Mobilizing with Films, Biscuits, and Popcorn

Film, Biscuits, and PopcornDespite a brief “North Carolina blizzard” earlier that morning, on Saturday, February 29th, about 50 people from within and beyond the Southern Conference of the United Church of Christ gathered at 9 am at Elon Community UCC for “Biscuits and Popcorn: A Climate Mobilization Film Festival.”  The film festival was the response of the SOC’s Creation Justice Network to the national UCC Council for Climate Justice’s Kairos Call to Action. The Creation Justice Network wanted to find a creative way to engage the conference’s congregations—and other denominations as well—in developing 10-year mobilization plans to address both climate and inequality. (More.)

 

Biscuit2.jpgDespite a brief “North Carolina blizzard” earlier that morning, on Saturday, February 29th, about 50 people from within and beyond the Southern Conference of the United Church of Christ gathered at 9 am at Elon Community UCC for “Biscuits and Popcorn: A Climate Mobilization Film Festival.”  The film festival was the response of the SOC’s Creation Justice Network to the national UCC Council for Climate Justice’s Kairos Call to Action. The Creation Justice Network wanted to find a creative way to engage the conference’s congregations—and other denominations as well—in developing 10-year mobilization plans to address both climate and inequality.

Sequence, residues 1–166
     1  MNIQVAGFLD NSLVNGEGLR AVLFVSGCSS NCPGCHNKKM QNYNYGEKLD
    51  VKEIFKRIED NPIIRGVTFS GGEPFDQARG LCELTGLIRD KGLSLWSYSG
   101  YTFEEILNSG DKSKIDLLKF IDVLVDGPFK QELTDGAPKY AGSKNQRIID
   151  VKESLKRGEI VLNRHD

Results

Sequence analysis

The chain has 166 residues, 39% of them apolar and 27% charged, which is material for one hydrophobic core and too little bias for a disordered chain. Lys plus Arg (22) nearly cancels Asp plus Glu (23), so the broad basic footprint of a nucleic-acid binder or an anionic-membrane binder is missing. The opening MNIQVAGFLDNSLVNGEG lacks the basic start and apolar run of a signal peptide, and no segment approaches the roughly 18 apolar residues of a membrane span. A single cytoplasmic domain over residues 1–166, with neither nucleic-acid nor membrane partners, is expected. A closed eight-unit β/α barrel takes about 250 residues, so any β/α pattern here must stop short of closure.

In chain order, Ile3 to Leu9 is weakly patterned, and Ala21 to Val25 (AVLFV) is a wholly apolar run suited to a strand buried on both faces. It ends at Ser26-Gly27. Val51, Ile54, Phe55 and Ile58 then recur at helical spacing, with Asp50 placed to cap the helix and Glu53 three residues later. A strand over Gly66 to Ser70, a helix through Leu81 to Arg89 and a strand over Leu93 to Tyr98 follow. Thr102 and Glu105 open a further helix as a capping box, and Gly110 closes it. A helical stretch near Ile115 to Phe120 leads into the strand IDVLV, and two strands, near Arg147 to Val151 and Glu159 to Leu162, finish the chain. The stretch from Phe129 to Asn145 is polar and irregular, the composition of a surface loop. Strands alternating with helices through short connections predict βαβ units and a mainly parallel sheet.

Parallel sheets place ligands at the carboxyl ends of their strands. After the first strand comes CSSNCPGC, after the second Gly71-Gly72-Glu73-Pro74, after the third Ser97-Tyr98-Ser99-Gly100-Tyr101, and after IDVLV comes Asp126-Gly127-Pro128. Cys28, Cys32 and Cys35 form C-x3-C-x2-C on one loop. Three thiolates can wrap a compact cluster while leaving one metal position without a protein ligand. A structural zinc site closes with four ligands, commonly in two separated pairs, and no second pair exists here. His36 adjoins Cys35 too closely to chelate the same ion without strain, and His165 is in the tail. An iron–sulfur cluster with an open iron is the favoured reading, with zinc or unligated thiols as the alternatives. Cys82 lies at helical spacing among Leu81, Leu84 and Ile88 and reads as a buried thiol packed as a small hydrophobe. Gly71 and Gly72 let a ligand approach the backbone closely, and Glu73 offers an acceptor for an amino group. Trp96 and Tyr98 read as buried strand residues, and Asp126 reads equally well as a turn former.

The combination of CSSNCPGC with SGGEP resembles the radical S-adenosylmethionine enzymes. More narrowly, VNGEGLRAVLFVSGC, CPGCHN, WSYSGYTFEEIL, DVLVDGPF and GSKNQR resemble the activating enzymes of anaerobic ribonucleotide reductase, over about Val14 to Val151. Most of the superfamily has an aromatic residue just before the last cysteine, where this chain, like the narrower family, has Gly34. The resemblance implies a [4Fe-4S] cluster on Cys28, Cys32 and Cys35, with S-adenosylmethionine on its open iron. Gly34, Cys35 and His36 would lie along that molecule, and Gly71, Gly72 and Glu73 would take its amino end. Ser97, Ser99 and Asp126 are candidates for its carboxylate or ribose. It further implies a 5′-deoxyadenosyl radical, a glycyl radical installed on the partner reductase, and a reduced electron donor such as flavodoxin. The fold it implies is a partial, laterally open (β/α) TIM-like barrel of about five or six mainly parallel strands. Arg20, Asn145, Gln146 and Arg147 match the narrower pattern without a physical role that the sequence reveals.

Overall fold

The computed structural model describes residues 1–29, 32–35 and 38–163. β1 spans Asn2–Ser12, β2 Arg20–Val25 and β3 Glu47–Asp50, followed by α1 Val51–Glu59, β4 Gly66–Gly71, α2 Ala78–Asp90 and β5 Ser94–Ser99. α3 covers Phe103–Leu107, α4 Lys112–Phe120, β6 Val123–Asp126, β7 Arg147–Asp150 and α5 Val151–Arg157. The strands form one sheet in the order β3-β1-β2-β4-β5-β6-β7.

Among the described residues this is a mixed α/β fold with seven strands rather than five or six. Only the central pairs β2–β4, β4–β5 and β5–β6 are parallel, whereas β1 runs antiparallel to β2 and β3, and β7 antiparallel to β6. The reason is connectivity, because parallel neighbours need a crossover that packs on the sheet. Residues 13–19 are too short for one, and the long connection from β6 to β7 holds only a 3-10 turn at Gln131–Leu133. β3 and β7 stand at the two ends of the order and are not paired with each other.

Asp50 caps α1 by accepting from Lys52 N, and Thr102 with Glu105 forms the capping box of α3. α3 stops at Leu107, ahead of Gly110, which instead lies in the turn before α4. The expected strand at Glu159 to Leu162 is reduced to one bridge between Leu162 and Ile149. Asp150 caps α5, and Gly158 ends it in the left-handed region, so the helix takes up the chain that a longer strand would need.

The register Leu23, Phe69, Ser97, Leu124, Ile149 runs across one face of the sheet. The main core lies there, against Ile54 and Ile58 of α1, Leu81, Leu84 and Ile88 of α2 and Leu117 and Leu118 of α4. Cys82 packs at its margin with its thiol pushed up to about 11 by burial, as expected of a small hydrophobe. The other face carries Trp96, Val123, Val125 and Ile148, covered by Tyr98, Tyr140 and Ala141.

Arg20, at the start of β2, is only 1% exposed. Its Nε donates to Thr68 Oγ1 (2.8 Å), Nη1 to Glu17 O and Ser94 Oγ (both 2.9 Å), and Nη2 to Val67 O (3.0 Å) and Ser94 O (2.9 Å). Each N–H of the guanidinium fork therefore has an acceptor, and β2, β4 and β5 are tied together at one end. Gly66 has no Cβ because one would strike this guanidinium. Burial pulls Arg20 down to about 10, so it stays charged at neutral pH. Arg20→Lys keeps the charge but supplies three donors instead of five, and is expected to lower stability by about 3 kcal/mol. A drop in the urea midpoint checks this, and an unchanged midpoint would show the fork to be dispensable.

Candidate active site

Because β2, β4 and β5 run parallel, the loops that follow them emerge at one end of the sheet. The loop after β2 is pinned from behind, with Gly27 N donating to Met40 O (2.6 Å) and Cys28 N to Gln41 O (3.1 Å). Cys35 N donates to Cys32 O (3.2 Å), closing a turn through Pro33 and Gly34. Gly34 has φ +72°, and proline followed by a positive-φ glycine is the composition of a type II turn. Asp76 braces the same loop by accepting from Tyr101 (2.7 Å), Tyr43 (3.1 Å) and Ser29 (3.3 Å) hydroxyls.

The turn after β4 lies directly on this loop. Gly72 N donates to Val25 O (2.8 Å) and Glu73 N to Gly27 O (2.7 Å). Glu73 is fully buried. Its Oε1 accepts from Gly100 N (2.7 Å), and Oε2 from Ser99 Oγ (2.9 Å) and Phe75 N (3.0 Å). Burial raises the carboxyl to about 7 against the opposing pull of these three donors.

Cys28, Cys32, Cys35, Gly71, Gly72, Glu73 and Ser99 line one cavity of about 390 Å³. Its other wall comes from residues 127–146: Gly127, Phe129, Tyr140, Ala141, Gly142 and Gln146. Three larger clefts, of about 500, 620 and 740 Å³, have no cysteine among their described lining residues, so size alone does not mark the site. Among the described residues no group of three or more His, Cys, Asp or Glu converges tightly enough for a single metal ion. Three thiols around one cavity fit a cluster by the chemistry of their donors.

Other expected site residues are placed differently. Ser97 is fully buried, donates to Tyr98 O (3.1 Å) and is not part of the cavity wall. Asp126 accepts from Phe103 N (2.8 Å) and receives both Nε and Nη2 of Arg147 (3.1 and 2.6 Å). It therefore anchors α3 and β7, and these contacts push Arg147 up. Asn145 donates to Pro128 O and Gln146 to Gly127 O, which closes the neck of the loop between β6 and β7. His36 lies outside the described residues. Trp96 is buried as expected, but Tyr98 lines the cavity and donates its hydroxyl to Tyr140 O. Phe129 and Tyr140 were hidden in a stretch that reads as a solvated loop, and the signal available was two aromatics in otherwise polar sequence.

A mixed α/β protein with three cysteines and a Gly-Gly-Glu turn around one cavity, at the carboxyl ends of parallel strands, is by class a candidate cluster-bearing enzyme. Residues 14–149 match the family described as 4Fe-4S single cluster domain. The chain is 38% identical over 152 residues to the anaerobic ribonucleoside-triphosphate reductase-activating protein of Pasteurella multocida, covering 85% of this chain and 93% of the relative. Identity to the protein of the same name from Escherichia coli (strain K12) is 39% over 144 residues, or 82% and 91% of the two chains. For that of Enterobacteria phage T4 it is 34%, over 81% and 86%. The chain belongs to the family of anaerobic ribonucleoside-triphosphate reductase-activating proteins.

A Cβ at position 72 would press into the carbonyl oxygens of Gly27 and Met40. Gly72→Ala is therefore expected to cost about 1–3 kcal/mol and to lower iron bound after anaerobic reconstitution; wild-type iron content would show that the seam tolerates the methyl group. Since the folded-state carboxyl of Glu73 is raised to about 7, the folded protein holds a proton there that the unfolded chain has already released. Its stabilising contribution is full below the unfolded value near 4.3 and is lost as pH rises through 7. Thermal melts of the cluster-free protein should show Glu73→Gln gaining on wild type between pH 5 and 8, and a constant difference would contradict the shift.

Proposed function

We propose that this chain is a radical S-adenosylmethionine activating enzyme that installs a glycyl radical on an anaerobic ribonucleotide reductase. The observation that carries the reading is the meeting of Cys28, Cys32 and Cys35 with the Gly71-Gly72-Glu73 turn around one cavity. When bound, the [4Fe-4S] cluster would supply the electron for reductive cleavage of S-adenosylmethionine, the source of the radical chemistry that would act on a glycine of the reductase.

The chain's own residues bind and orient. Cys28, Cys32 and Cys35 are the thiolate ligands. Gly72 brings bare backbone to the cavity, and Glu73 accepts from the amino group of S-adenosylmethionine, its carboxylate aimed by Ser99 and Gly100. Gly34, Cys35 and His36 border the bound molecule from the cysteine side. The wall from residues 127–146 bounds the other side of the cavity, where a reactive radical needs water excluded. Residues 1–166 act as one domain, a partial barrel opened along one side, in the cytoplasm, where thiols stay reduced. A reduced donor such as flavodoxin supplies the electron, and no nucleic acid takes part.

As participants enjoyed biscuits and coffee, followed as the morning wore on by popcorn and Coca-Cola, they took in 11 five-minute films—four “produced” by local UCC congregations and seven by North Carolina faith-based environmental organizations—offering an assortment of models to tackle both climate and inequality. These included church permaculture projects, a Zero Waste Church initiative, young people of color fighting coal ash in their community, a solar array installation with panel sharing, church land use as sacred creation space, and black farming and environmental racism, among others. The films were inspiring, funny, and moving—and elicited passionate conversation among the participants. In fact, the film festival was not only engaging, and yes, mobilizing—it was plain old fun. So much so that the CJN is excited to consider expanding the festival to an annual Kairos Call to Action event. And who knows?  Maybe we’ll have a Best Picture award next time around. We’d love your ideas for our statuette!

 

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Categories: The Pollinator: UCC Environmental Justice Blog

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